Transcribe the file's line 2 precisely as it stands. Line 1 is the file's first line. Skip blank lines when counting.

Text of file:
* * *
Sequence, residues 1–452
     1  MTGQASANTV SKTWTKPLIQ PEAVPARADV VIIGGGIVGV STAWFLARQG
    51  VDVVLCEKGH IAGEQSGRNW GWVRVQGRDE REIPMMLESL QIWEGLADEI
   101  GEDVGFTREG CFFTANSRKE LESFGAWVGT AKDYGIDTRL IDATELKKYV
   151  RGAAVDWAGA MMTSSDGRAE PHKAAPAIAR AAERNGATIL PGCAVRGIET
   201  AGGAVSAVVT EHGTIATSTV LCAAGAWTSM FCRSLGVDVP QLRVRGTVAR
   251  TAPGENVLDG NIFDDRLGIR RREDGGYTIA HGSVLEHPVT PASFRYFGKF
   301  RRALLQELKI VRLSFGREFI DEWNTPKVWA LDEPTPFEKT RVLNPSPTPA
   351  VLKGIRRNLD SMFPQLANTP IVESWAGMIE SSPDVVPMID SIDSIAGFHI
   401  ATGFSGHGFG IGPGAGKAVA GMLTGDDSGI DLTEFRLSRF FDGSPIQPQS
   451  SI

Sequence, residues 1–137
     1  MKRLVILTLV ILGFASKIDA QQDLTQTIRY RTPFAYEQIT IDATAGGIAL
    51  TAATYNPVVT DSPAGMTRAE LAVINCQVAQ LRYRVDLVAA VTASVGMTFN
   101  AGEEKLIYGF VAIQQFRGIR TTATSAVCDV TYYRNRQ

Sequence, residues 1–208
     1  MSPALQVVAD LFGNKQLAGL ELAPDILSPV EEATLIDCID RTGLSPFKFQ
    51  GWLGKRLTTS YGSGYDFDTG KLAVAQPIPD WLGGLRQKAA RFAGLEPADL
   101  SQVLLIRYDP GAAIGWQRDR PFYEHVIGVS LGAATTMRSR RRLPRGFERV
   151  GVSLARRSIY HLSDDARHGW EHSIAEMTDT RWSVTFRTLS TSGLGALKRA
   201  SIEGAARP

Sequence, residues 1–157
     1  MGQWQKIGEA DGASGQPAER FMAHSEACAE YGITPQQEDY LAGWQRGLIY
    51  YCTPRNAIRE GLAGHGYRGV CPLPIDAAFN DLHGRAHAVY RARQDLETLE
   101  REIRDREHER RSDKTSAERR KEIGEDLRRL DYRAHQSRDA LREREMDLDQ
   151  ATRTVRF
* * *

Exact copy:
     1  MTGQASANTV SKTWTKPLIQ PEAVPARADV VIIGGGIVGV STAWFLARQG